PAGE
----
Sunday, April 25, 2010

A sneak peak at May 2010

Next month is going to be interesting as Blazing Games will be updated daily for 27 days. Sometimes a project turns out to be far larger than it seems. Other times, as is the case with the project that will be revealed next month, feature-creep causes a simple project to balloon in scope. There is an easy way of accomplishing this project, and then there is the more thorough way which is the road I foolishly decided to take. In the past, I would have taken the easy road with the idea of having regular content appearing on but my more relaxed release schedule and willingness to release projects iteratively, I have no hesitation in building this project to the more ambitious specifications. The scary thing, is even when I have reached all the development targets for the 1.0 release, there is a lot of room for expansion so this new project may be revisited many times in the future.

The version of the project that will be released next month is the 0.1 version, as it is not close to the final goal of the project. This is really about a quarter to half the way towards the project completion, but the remaining portions of the project will be posted in three other months. While the second month of releases will be June or July, the other two parts that lead to the 1.0 release may be delayed by a number of months. This is being done so other stuff (hopefully stuff that people not interested in next months project will like) can be released.

From a programming perspective, next month's release is very simple. From an asset creation point of view, this is a monster project. This is actually a rather nice change for me as I am spending a fair bit of time doing creative writing. Still, I want to be coding and am hoping that a third-party project that seems to be in a perpetual delay loop will see the light of day. If the delay continues, I will probably re-start my equivalent to Duke Nukem Forever. The difference here is that my DNF project hasn't been continually in development but simply continually goes through fits and starts then gets shelved when paying work or other crisis happen.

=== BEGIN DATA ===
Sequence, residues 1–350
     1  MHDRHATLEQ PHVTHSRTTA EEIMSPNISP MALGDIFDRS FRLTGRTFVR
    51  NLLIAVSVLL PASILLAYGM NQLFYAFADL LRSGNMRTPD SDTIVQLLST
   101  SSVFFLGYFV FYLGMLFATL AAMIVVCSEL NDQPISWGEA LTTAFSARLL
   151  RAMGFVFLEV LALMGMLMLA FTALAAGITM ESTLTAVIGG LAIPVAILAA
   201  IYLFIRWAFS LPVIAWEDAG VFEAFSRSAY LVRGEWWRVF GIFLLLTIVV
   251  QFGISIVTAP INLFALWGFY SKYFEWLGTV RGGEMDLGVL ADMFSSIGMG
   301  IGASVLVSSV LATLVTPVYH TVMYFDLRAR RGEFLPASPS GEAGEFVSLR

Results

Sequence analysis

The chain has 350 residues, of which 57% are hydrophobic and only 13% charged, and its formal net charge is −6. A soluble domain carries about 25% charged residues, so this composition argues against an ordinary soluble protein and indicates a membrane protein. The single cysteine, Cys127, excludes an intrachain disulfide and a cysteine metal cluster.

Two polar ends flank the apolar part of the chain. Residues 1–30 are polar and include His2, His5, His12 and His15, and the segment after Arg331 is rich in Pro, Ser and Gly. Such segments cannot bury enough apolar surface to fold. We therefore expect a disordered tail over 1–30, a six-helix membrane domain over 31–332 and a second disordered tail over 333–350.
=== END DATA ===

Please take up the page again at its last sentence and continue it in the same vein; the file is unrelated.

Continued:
Sunday, April 18, 2010

CS5 is coming

Right now I am using Adobe Creative Suite 3 to aid my development, not bothering to update to CS4 due to the fact that while it had a lot of nice features, I didn't think those features were worth the hefty upgrade price. While I can not say whether it is worth upgrading from CS4 to CS5, It seems like it will be well worth the price to move from CS3 to CS5. While I am slowly going to be migrating from Flash to HTML 5, I still think there is enough life in Flash to make one final upgrade. Getting Dreamweaver, Photoshop, Fireworks, and Illustrator also helps but the biggest addition to the package was Flash Builder 4 (formerly Flex Builder) and its integration with Flash CS5.

As I have said in the past, I think that Flash will slowly fade away as HTML 5 starts to take off. Still, there is a lot that you can do in Flash that you will not be able to easily do using HTML 5. Until the still dominant browser is HTML 5 friendly, which IE8 is not, Flash is still important. Even after this point, Flash will still be a good prototyping tool. Especially when you consider ActionScript and JavaScript are both based on ECMAScript.

Adobe, obviously, will not just stand by and let Flash die. The question is what will they do to salvage it? Some suggest turning it into a tool for creating Canvas or SVG code. Others think that new compelling features will be added that the various HTML 5 additions simply can't support. AIR is certainly a factor. While I haven't created any AIR applications yet, that could possibly change. The key question for me, however, is does the added features of a proprietary platform out-weight  the open standards enough to warrant its use? HTML 5 is a balancer, but more weight on the Flash side could tip the scale. It seems we are still living in interesting times.

Sunday, April 11, 2010

Does Apple hate Adobe or Developers?

I was thinking that perhaps I should wait until tomorrow to make a post. April 12th is when Adobe is going to officially announce the Creative Suite 5 lineup. I am hoping that something big is going to be announced tomorrow but think that perhaps the iPhone OS 4 rumors may have dampened Adobe's plans. One feature that they were planning on having for Flash CS5 is an iPhone exporter that would convert Flash apps into iPhone apps. Sadly, the iPhone SDK license agreement (required to use the iTunes store) may be specifying that apps must be written in Objective C or C++ and that API features must not be accessed through third party libraries. This effectively rules out using Flash to develop iPhone apps. It also rules out other tools like Unity.